... an antidumping duty order on imports of certain folding metal tables and chairs from China (67 FR... part 201), and part 207, subparts A, D, E, and F (19 CFR part 207), as most recently amended at 74 FR... chairs from China (72 FR 62626). The Commission is now conducting a second review to determine...

  11. An Investigation of the National School Board Association Key Work Standards for Public Policy Leadership and School Board Chair Performance

    ERIC Educational Resources Information Center

    Quarles, Roger C.

    2011-01-01

    This multiple case qualitative study addressed the National School Board Association's (NSBA) Key Work standards for public policy leadership by local school boards, and how three elite school board chairs understood and implemented those standards. Elite board chair status was defined by experience, training, and peer recognition. The study…

  12. Designing and Building a Cardboard Chair: Children's Engineering at the TECA Eastern Regional Conference

    ERIC Educational Resources Information Center

    Linnell, Charles C.

    2007-01-01

    This article describes the 2006 Technology Education Collegiate Association (TECA) Eastern Regional elementary competition, wherein teams of technology education students from nine different universities designed and built cardboard chairs. The competition required the teams (four or five to a team) from universities up and down the East Coast to…

  13. Chair alarm for patient fall prevention based on gesture recognition and interactivity.

    PubMed

    Knight, Heather; Lee, Jae-Kyu; Ma, Hongshen

    2008-01-01

    The Gesture Recognition Interactive Technology (GRiT) Chair Alarm aims to prevent patient falls from chairs and wheelchairs by recognizing the gesture of a patient attempting to stand. Patient falls are one of the greatest causes of injury in hospitals. Current chair and bed exit alarm systems are inadequate because of insufficient notification, high false-alarm rate, and long trigger delays. The GRiT chair alarm uses an array of capacitive proximity sensors and pressure sensors to create a map of the patient's sitting position, which is then processed using gesture recognition algorithms to determine when a patient is attempting to stand and to alarm the care providers. This system also uses a range of voice and light feedback to encourage the patient to remain seated and/or to make use of the system's integrated nurse-call function. This system can be seamlessly integrated into existing hospital WiFi networks to send notifications and approximate patient location through existing nurse call systems.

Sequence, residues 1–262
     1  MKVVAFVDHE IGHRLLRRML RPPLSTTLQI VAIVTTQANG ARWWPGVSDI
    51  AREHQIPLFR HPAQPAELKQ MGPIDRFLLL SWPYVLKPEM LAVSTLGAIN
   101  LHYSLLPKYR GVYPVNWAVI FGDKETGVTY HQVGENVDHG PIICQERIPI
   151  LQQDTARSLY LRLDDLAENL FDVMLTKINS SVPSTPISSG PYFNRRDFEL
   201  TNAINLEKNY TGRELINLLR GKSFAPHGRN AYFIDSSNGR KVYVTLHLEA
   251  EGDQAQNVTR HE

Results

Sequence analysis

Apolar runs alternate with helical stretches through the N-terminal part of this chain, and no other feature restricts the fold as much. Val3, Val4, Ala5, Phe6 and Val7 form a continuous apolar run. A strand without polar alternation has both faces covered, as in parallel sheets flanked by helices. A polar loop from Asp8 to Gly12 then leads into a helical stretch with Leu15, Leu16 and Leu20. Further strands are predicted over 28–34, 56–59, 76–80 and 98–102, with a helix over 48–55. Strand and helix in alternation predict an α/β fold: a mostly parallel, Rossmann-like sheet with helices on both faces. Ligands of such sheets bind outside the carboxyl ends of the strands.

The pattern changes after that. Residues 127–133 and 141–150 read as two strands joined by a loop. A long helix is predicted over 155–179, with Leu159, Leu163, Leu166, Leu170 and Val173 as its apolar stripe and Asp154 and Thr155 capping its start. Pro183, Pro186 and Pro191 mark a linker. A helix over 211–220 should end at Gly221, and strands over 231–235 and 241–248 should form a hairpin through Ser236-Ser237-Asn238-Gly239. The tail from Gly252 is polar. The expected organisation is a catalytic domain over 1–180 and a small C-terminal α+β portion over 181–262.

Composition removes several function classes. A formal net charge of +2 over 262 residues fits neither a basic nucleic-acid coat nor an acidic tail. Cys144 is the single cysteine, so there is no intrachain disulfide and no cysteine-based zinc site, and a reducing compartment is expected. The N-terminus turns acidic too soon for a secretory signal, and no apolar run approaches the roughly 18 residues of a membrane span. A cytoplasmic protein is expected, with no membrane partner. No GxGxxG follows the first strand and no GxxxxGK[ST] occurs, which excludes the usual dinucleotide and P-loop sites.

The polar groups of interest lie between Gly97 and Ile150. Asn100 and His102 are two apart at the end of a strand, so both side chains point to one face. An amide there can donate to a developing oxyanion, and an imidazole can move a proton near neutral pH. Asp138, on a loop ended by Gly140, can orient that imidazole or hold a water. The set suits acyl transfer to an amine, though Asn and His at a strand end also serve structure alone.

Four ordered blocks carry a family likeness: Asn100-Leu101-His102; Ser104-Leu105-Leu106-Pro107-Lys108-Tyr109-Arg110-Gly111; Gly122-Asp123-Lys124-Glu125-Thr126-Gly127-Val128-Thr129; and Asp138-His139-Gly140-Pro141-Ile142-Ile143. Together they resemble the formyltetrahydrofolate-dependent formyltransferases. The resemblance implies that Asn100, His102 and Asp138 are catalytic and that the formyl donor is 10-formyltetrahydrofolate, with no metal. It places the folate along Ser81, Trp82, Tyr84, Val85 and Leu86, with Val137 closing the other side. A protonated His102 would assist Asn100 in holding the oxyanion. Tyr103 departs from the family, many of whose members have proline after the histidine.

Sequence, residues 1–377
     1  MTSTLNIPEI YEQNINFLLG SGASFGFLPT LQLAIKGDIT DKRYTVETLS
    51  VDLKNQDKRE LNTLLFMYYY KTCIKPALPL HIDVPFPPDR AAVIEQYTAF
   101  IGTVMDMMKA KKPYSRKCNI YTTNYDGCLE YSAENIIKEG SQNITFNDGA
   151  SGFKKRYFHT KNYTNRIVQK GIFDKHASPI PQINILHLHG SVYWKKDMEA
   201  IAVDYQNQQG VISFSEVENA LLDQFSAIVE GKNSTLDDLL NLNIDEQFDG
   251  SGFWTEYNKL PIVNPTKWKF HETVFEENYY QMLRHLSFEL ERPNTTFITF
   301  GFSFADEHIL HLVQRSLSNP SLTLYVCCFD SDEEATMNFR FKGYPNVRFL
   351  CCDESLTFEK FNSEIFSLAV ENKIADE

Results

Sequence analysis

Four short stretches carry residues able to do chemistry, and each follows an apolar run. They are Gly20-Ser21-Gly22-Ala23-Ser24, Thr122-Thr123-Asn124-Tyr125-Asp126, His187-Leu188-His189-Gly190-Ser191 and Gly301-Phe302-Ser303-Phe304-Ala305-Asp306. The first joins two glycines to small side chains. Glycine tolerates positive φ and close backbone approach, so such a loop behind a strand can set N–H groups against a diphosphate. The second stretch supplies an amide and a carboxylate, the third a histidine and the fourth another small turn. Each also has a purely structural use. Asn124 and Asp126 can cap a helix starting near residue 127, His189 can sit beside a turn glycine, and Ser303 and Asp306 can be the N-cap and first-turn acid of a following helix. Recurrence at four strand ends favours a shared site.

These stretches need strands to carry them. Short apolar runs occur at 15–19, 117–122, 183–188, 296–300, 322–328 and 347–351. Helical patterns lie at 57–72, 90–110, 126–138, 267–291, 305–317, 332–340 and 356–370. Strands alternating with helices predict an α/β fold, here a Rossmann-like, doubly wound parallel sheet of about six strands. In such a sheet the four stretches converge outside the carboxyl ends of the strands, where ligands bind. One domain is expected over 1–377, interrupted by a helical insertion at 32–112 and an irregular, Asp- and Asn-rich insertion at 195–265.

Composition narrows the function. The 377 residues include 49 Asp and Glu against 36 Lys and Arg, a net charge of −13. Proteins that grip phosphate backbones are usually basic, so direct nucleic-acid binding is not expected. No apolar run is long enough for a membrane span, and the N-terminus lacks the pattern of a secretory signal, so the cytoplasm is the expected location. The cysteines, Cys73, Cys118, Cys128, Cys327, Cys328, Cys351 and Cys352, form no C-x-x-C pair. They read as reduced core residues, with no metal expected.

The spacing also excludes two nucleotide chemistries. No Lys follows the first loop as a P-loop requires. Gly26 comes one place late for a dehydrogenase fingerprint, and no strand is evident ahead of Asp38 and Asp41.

14. The effect of Sit 'n' Fit Chair Yoga among community-dwelling older adults with osteoarthritis.

    PubMed

    Park, Juyoung; McCaffrey, Ruth; Newman, David; Cheung, Corjena; Hagen, Dyana

    2014-01-01

    The study measured effects of Sit 'N' Fit Chair Yoga on pain and physical and psychological functioning. A quasi-experimental research design included a yoga intervention group and an attention control group. There was greater improvement in depression and life satisfaction in the yoga group than in the control group. PMID:24919095

  15. The Role of the Chair of the School Governing Body in England

    ERIC Educational Resources Information Center

    James, Chris; Jones, Jeff; Connolly, Michael; Brammer, Steve; Fertig, Mike; James, Jane

    2012-01-01